IMLAY CITY — What is the measure of success when it comes to education?
According to U.S. News & World Report, Imlay City High School fits the bar.
The high school has just been recognized as one of 'America's Best' schools by the international publication and earned a bronze medal. The school was one of just 206 in the state selected for the distinction.
This is the second time Imlay City High School has received such distinction. The school earned a bronze medal from U.S. News & World Report in 2008 as well.
"The criteria used at that time, and the resulting findings regarding Imlay City High School were very similar to this year's award," says Stu Cameron, the district's executive director for curriculum and instruction. "The school was recognized for exceeding statistical expectations for performance."
U.S. News & World Report reviewed more than 20,000 public high schools across the country. The reviews highlighted three key elements: whether the school's students were performing better than statistically expected based on their state's average; whether the school's least advantaged students were performing better than the state average and college readiness performance.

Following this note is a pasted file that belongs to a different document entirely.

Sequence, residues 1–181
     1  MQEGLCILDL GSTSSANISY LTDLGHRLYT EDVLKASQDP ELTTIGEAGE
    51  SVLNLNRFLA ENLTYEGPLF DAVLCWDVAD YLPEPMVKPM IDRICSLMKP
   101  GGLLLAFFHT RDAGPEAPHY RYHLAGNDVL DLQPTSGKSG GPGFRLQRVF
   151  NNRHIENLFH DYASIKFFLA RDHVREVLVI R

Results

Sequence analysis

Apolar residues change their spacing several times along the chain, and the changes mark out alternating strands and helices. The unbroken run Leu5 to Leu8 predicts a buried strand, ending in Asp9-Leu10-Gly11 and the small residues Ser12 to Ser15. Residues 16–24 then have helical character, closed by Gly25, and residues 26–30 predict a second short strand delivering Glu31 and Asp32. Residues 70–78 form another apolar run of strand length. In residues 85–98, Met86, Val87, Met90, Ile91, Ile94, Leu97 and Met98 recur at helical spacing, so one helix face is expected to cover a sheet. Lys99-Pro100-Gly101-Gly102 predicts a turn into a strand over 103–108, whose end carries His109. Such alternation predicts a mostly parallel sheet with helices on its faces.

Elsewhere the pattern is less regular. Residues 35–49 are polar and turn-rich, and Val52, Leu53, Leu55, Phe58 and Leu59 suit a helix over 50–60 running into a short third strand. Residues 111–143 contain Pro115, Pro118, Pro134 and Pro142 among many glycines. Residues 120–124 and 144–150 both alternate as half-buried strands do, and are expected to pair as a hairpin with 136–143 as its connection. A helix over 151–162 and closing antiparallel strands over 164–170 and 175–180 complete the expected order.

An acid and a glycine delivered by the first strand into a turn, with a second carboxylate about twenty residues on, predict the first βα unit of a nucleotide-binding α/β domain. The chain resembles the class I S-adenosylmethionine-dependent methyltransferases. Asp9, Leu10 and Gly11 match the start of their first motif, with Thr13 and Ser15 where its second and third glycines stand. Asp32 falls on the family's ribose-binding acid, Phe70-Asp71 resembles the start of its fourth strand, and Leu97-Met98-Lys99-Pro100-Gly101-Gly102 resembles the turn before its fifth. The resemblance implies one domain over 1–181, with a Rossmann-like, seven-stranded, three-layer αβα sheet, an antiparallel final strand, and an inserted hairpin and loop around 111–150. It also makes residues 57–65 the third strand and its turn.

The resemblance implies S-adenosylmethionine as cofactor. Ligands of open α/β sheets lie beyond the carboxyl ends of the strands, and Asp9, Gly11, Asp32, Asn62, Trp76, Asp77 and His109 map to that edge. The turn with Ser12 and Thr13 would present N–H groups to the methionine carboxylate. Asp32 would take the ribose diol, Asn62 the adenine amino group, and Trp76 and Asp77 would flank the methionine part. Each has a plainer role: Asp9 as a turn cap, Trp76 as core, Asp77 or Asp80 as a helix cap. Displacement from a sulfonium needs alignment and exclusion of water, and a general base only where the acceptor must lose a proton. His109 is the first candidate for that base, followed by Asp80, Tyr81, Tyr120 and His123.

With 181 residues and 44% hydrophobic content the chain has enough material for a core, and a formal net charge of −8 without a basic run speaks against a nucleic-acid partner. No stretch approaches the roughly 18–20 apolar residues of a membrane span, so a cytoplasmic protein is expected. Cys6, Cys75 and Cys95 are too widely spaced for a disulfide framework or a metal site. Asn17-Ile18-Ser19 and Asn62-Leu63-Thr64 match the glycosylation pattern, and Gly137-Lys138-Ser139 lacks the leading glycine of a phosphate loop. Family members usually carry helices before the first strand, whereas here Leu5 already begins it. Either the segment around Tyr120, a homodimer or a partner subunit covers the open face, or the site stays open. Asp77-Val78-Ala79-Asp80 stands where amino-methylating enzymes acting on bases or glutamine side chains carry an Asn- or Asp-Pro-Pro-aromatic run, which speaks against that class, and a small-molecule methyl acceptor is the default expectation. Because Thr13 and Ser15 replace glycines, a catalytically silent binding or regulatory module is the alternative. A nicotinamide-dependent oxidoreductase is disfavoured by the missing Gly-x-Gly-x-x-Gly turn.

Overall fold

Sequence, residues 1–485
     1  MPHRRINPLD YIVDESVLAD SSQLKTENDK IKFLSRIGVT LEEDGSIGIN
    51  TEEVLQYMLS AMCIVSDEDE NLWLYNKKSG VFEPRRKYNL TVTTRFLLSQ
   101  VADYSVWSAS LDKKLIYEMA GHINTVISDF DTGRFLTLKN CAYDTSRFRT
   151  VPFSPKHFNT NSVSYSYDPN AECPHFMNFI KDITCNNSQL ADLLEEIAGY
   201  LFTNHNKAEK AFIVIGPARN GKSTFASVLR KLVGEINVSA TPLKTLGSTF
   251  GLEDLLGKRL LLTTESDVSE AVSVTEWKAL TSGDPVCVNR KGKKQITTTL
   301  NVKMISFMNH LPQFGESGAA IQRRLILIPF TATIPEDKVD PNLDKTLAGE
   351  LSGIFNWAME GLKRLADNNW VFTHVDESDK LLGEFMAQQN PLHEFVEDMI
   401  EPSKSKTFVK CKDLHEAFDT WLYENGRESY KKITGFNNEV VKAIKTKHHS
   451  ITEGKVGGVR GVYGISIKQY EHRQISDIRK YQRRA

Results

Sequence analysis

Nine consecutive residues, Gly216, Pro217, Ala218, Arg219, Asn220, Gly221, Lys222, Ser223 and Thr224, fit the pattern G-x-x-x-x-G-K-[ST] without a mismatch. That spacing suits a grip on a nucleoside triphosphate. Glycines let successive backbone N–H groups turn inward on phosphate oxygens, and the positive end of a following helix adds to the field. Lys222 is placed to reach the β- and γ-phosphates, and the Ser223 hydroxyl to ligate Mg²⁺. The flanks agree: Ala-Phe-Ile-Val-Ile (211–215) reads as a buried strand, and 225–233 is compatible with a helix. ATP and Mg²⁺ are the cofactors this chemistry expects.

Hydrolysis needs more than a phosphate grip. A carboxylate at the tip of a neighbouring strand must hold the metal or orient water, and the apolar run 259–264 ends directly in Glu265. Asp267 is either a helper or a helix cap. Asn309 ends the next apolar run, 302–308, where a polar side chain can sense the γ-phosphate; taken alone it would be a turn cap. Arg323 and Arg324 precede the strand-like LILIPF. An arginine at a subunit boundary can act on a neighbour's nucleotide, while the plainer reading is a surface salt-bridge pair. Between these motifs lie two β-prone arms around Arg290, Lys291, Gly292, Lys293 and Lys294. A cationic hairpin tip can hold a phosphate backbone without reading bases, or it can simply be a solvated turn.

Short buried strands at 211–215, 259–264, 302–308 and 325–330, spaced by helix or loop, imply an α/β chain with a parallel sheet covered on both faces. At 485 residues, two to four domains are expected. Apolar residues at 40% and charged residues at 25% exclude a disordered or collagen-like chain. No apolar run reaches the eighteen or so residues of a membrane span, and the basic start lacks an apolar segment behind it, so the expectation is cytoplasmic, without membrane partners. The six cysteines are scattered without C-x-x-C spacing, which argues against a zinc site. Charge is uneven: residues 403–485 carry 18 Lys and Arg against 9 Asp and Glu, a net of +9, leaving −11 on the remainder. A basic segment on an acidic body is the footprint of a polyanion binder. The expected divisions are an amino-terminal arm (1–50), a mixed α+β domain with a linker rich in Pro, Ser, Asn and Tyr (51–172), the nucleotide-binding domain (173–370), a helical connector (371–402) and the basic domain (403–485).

Cameron says Imlay City made its way to the top because the numbers don't lie.
"Imlay City High School demonstrated tangible results," Cameron says. "Students at Imlay City High School performed better than statistical expectations given their demographics, the level of school funding we receive, and other proven obstacles they face."
There are many AP and college prep classes on the roster at Imlay City High School as well, Cameron adds.
He says the recognition is an honor, and should be spread among the entire community.
"Recognition of this type doesn't happen because of the work of a single individual, or even a small group of individuals," Cameron says. "The success that earned this award was built not only by Imlay City High School staff and students, but also by the support of our board, our parents and our community."
Cameron says the combined efforts of all involved paved the pathway to success.
A roll-out to the school community, which will include celebration of the U.S. News & World Report recognition, is being planned for August.
Catherine Minolli is Managing Editor of the Tri-City Times. She began as a freelance writer with the Times in 1994. She enjoys the country life, including raising ducks and chickens.